SOUTH AFRICA

LGBTQI RIGHTS AND THE USE OF LANGUAGE

Language is a powerful tool that can be used to further or restrict Lesbian, Gay, Bisexual, Transgender, Queer and Intersex (LGBTQI) rights. By the same token, you can invent a language in order to create a safe way to communicate for those who live in hostile environments.

“Gayle” in South Africa is a case in point. During the Apartheid era, Gayle was a secret language the primary purpose of which was to enable open communication within the LGBTQ community and facilitate activities within the community. Functioning as a sort of code, Gayle allowed the LGBTQ community to speak openly, without detection in the public sphere when the government monitored and censored LGBTQ activities.

How Africans used to understand homosexuality and forms of gender expression in the pre-colonial era is captured in the terms used in various tribes and kingdoms across the continent. These terms not only acknowledged the existence of LGBTQ individuals but even celebrated them. For example, in the Langi tribe of northern Uganda, people who were born intersex would belong to a third gender known as mudoko dako. Mudoko dako people were legally allowed and socially sanctioned to marry a man or woman.

When homosexuality is equated with pedophilia, it represents a deliberate discrimination.

Dan Daudu – “Men who are like women”

In the Kikuyu and Meru tribes in Kenya, special religious leaders called mugawe dressed and wore their hair like women, and in some cases married other men. Throughout Western Africa, especially in Northern Nigeria, the Hausa tribe’s vocabulary included the term dan daudu which means ‘men who are like women’. When a child born as a boy was recognised as a dan daudu at an early age, he would be given female-specific toys and encouraged to express their gender openly regardless of biology.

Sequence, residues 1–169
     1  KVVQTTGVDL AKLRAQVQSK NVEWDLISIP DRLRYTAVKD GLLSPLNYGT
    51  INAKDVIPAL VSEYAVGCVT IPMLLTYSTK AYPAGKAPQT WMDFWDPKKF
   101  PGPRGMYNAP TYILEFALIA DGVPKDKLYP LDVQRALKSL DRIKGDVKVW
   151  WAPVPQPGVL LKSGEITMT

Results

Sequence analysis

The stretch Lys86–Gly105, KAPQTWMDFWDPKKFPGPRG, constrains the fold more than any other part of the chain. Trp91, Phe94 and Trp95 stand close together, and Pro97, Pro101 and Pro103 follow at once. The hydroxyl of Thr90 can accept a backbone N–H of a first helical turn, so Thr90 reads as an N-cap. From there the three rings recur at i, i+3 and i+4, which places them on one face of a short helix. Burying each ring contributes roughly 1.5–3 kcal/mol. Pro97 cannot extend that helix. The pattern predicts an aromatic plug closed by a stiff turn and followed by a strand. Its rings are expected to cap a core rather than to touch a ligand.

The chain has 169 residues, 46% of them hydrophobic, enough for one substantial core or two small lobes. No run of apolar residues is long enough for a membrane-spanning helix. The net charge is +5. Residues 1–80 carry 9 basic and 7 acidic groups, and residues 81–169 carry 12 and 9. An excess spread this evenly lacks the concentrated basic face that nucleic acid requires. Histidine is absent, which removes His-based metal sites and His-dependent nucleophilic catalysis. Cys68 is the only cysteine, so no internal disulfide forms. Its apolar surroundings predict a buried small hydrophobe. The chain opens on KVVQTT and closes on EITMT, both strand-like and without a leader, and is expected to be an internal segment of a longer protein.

After the introduction of discriminatory laws and western religion by colonial powers in Africa, the perception of homosexuality and gender identity changed drastically. This is reflected in the language now used to understand LGBTQI people and issues. Current political and social elites often refer to homosexuality as a western phenomenon. According to a recent study by the International Lesbian, Gay, Bisexual, Trans and Intersex Association (ILGA), nearly half of respondents (47%) in the African region believe that homosexuality is a foreign concept imported from the West. Furthermore, many Africans hold strongly negative connotations of the word homosexuality. According to Malawian LGBTQI researcher Alan Msosa, most Malawians conflate the term homosexuality with paedophilia. This makes it exceptionally difficult to advocate for LGBTQI rights in the country.

The African Charter is an international human rights instrument intended to encourage and protect human rights and basic freedoms in Africa. The use of language in it further suggests a problematic stance on LGBTQI people. Article 2 of the Charter states that ‘{e}very individual shall be entitled to the enjoyment of the rights and freedoms recognised and guaranteed in the present Charter without distinction of any kind such as race, ethnic group, colour, sex, language, religion, political or any other opinion, national and social origin, fortune, birth or other status.’ However, sexual orientation is notably absent in the African Charter.

Language is widely being weaponised against the LGBTQI community in Africa. Advocates of LGBTQI rights should try to find ways to change the way language is used to describe LGBTQI individuals and issues. To this end, they could lean on historical facts and cultural terms with positive connotations.

LGBTQI rights must be claimed in courts.

The LGBTQI community must be visible.

One indicator of the rule of law in a country is the treatment of minorities.

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